dogs on leash
Hiked this one in spring 2016 when some ice/snow still on the trail. Did the larger loop in 2nights/3days. Only encountered 1 other hiker (another solo female going opposite way). Saw several deer along the way and a moose visited my camp at night. This was my first solo multi-day and I'll never forget it!
I like the Spruce Bog boardwalk trail for the birdwatching (first time I've ever seen Grey Jays!), and the fact that it's accessible to all. I went during the early spring (late March) when there was still snow on the ground and while it was relatively busy, it was still enjoyable as a family outing with young kids.
This is not a maintained trail in winter you'll need to park at Mizzy Lake. In the summer you can just park at the parking lot. Despite being on a kilometer there is a fair bit of elevation gain. The lookout at the very end makes the whole trail worth it.
Old growth white pines!!! They are huge. As far as Southern Ontario goes to see a tree that wasn't logged in the 1900's is a very rare sight. The trail is quite easy except for the last little bit when there's a few large up and downs. The trail is quite packed down in winter hiking boots will suffice but it's always fun to strap on the snowshoes.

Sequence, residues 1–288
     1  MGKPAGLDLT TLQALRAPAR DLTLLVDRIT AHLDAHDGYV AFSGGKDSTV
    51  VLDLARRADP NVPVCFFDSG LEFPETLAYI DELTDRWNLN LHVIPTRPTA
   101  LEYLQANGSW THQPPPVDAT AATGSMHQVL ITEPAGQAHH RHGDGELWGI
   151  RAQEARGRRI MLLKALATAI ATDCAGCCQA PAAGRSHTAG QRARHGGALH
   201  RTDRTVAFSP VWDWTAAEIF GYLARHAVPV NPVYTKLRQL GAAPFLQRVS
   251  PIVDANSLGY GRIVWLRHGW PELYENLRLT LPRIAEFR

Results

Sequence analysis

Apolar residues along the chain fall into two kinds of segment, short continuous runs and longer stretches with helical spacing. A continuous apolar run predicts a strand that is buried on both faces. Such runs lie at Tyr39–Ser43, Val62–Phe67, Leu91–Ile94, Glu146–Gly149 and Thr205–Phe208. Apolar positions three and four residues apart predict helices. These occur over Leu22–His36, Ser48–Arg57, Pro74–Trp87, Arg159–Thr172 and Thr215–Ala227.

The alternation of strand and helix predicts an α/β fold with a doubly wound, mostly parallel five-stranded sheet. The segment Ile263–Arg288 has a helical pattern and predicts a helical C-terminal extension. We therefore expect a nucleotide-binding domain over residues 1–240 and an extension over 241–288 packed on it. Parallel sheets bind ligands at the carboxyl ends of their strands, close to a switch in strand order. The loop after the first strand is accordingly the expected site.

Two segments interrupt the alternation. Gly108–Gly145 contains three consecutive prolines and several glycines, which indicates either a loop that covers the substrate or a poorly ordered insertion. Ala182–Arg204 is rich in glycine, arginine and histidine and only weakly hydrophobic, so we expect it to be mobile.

There's a few up and downs but for the most part a fairly easy trail. Great cliff viewpoint then the trail fallows the cliff or should I say Bluff. If you got an hour in the summer or 2 in the winter I'd suggest this trail. Its not on the Algonquin winter guide so it's less packed down so snowshoes are pretty useful.
The parking lot is not plowed in the winter but you can park at Mizzy lake and walk up. This trail is super short and the whole point of it is for tree identification. In the summer it's the easiest trail and great for kids. Its the same parking lot as Hardwood lookout so if your feeling you've got a little extra energy might as well tackle this one also. I saw a ton of moose tracks and excrement along this trail. My guess is it's a popular moose hangout in the winter because its not very popular trail in the winter.
A really nice walk that traverses a variety of habitats, such as ponds, bogs, hardwood forest, spruce groves and pine barrens. I went at a very leisurely pace to look for wildlife and did it in about 6 hours; it can easily be done in half that time but then you'd miss out on what you could see.This is the longest of the park's interpretive trails so I would suggest to make a day of it and enjoy.The guide here says the elevation gain is over 2000 ft; that is far from true. The walk is mostly level with minimal ups and downs. Part of the trail is on an old railroad bed and boardwalks are placed over the wet areas. I would still wear a heavy pair of boots as other parts of the trail can get pretty wet and muddy. Be sure to take the side trail near the north end of the loop, it's about a 30 minute detour that goes to what are called "bear's nests", explained in the guide you get at the trailhead. On my walk I saw Spruce Grouse, a Red Fox, a bull Moose and literally hundreds of turtles basking in one of the ponds. Note that dogs are not allowed on this trail so as not to disturb the wildlife.